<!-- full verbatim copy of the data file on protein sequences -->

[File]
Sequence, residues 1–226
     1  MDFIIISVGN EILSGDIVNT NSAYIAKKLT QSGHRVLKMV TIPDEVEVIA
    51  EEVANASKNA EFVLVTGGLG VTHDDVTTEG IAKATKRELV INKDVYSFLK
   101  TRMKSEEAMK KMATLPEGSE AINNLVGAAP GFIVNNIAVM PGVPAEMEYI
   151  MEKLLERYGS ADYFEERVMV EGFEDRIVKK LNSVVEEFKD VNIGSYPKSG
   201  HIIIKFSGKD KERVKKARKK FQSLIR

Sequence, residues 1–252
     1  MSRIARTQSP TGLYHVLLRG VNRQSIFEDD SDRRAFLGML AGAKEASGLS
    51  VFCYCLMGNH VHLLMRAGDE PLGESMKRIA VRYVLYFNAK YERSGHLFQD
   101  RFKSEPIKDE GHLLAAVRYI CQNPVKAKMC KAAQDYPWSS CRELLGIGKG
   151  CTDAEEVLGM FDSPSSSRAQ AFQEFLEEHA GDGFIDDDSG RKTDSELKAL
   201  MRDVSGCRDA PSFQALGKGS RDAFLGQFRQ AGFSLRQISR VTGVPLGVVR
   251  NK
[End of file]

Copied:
Sequence, residues 1–226
     1  MDFIIISVGN EILSGDIVNT NSAYIAKKLT QSGHRVLKMV TIPDEVEVIA
    51  EEVANASKNA EFVLVTGGLG VTHDDVTTEG IAKATKRELV INKDVYSFLK
   101  TRMKSEEAMK KMATLPEGSE AINNLVGAAP GFIVNNIAVM PGVPAEMEYI
   151  MEKLLERYGS ADYFEERVMV EGFEDRIVKK LNSVVEEFKD VNIGSYPKSG
   201  HIIIKFSGKD KERVKKARKK FQSLIR

Sequence, residues 1–252
     1  MSRIARTQSP TGLYHVLLRG VNRQSIFEDD SDRRAFLGML AGAKEASGLS
    51  VFCYCLMGNH VHLLMRAGDE PLGESMKRIA VRYVLYFNAK YERSGHLFQD
   101  RFKSEPIKDE GHLLAAVRYI CQNPVKAKMC KAAQDYPWSS CRELLGIGKG
   151  CTDAEEVLGM FDSPSSSRAQ AFQEFLEEHA GDGFIDDDSG RKTDSELKAL
   201  MRDVSGCRDA PSFQALGKGS RDAFLGQFRQ AGFSLRQISR VTGVPLGVVR
   251  NK